The question was put to me “When will the IT industry provide reusable clinical and administrative data warehouses for the Medicaid enterprise?” It was a thought-provoking question that was well worth considering.
Currently the healthcare insurance and provider industries are guided to target reporting that is defined by government regulation and motivated by financial incentives. These specific measures do lead to the creation of tracking and reporting system scoped to meet the requirements for reimbursement from government programs. This does not lead to a comprehensive data warehouse model or analytic platform for the Medicaid enterprise.
Federal government reporting regulations and the new procurement rules for “modularity” do not strictly require a comprehensive data warehousing platform. With an overwhelming task of re-doing MMIS systems, States are struggling with merely defining “modules” and ensuring the basic required functionality is being achieved. Though the business and policy people recognize the need and value for analytics, those are not “requirements” and, thus, are pushed off for future scoping. Unfortunately, that means most of the early modular MMIS EDW RFP’s have been dominated by traditional reporting measures and pre-written applications for tracking statistics, rather than requirements which will set the States up for future flexibility and growth.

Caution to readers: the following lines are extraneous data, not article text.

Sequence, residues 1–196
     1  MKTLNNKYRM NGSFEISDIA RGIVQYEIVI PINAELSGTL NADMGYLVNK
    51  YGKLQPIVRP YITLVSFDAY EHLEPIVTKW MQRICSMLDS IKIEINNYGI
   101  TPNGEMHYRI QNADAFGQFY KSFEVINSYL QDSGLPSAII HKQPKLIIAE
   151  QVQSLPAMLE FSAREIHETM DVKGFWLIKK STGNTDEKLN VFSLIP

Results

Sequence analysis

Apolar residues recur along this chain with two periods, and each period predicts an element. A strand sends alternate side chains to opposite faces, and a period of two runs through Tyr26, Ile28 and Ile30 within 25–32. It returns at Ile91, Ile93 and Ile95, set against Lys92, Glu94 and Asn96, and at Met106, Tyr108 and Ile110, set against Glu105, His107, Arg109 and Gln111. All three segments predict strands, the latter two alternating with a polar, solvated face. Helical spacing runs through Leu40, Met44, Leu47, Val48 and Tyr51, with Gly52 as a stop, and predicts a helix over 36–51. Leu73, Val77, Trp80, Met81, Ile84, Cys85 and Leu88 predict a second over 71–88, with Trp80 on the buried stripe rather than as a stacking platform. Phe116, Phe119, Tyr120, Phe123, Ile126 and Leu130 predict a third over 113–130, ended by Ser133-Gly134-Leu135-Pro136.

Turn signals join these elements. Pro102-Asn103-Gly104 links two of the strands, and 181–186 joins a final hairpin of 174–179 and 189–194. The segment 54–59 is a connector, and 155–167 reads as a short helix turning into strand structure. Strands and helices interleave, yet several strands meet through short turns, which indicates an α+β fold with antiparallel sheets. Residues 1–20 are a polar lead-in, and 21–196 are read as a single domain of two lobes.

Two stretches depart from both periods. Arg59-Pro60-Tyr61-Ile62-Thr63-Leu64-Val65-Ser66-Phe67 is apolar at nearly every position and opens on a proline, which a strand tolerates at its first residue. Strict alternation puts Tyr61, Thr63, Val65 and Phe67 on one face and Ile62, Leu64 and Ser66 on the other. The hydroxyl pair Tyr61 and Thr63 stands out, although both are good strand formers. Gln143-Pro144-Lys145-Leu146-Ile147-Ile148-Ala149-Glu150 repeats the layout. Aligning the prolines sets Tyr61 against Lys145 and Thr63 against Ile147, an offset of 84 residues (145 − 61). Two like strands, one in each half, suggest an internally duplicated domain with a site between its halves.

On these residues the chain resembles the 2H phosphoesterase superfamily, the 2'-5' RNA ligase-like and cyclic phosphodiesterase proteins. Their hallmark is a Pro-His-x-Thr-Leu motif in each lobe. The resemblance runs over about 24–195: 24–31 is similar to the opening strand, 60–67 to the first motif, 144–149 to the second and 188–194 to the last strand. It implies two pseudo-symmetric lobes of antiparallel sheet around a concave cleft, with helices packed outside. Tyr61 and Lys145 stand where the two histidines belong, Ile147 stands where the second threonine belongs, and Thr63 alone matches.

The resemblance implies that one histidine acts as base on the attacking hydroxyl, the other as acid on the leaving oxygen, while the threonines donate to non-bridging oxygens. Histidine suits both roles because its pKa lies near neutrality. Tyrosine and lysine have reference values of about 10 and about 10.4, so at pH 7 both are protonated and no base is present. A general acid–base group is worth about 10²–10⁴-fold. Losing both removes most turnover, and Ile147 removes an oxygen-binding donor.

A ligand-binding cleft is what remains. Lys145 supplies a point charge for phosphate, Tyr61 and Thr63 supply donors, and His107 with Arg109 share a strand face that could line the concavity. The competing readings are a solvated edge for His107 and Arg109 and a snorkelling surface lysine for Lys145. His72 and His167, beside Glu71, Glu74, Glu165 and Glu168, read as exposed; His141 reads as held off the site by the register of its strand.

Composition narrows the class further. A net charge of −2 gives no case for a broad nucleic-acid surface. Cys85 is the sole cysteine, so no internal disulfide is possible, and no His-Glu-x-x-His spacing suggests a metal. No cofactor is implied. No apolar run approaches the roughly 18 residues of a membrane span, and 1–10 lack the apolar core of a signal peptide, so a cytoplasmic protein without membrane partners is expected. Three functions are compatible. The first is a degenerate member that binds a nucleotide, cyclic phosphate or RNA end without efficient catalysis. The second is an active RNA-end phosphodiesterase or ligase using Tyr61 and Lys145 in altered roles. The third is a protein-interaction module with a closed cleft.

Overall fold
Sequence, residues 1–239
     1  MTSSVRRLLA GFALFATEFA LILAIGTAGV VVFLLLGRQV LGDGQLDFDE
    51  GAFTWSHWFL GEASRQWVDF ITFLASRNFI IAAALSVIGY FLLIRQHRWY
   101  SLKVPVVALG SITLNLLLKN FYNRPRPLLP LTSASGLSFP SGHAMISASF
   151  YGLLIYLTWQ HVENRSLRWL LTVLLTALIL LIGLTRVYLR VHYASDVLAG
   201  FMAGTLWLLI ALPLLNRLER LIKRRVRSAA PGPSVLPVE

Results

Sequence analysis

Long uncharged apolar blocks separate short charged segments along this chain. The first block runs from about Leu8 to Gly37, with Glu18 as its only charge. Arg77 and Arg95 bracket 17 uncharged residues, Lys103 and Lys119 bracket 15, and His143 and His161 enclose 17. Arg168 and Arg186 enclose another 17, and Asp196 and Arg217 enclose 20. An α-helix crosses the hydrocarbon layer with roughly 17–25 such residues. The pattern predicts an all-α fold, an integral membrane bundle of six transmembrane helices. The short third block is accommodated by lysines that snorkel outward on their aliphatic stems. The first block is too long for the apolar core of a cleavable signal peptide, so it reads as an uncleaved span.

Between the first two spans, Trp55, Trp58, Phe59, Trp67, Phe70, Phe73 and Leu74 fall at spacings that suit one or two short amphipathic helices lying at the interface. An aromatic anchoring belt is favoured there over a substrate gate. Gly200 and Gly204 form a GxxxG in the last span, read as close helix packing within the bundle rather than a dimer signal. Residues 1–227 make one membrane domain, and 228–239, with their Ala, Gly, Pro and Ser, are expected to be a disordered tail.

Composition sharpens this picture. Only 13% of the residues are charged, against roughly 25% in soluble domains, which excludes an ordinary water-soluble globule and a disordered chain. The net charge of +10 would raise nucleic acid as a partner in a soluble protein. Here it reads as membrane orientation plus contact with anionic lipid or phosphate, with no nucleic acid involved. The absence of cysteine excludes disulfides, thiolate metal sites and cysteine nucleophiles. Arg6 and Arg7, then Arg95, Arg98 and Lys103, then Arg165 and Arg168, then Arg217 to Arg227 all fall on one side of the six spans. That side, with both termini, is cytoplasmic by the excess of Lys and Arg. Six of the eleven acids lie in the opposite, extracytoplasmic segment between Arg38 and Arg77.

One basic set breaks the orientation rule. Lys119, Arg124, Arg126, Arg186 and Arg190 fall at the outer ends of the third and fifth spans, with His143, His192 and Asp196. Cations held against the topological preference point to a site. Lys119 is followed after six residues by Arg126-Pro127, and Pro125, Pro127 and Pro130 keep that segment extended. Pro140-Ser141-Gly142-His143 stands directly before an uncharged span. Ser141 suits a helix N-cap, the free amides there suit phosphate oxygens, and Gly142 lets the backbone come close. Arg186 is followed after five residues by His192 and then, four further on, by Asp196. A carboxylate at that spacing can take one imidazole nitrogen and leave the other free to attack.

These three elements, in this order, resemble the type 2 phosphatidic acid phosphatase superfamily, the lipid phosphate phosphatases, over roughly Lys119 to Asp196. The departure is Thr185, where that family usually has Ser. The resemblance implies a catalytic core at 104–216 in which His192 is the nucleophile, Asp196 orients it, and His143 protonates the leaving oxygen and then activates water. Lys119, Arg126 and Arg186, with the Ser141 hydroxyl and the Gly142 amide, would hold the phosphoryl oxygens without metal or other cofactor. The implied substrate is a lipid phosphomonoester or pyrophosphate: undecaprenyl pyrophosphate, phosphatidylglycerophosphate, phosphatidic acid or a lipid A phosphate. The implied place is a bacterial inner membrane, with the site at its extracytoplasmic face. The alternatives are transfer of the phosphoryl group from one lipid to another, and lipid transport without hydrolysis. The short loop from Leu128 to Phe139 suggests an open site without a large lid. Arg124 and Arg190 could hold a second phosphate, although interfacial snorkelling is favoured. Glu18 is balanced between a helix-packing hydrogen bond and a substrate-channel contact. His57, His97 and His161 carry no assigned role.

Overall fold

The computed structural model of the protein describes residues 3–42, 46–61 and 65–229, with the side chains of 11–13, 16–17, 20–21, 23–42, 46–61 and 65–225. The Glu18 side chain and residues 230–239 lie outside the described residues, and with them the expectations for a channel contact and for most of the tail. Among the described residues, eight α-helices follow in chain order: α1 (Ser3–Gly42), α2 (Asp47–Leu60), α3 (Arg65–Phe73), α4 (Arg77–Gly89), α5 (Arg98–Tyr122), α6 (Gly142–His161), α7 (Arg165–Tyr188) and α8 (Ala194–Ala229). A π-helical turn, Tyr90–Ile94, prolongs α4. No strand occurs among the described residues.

The RFP’s lack serious and specific requirements that focus on the future extensibility, data normalization and virtual views of data within a data warehouse platform. Thus, the vendors responding to these RFP’s, in order to provide competitive bids, must often use technologies and infrastructures which are minimally capable of providing reports and data aggregation.
Existing HHS (Health & Human Services) model standards and systems
There are existing data models or standards (for example, MITA, National Human Services Interoperability Architecture (NHSIA) and National Information Exchange Model (NIEM), that attempt to serve as a foundation for a state based HHS data warehouse. While these are a start, they fall short of what is needed to define a data model.
- MITA specifications serve as a good “ruler” to measure the content and capability of a data model for HHS. Running MITA scenarios against the data model in the form of a “data scenario” can provide valuable insight on how the model is designed to work.
- The NHSIA architecture framework does not lead to a granular solution that is specific enough to generate a standard comprehensive HHS data model.
- The National Information Exchange Model (NIEM) serves as a basis for information exchange, but does not lead to a data warehouse model. It only helps determine the requirements needed for development of a data model.